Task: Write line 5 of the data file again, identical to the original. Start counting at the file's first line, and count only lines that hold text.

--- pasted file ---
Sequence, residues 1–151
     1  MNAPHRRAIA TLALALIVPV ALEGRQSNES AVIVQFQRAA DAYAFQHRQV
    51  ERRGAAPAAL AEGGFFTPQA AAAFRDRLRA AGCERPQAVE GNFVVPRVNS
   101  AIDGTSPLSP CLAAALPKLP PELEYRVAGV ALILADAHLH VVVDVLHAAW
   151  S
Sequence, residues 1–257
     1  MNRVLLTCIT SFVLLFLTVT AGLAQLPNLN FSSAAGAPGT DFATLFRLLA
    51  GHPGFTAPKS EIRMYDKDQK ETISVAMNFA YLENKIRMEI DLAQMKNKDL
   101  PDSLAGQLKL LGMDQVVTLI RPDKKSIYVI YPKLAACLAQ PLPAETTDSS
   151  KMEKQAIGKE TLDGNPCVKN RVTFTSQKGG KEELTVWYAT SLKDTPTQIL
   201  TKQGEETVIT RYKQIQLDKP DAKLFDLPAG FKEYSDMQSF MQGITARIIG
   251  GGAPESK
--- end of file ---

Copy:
   151  S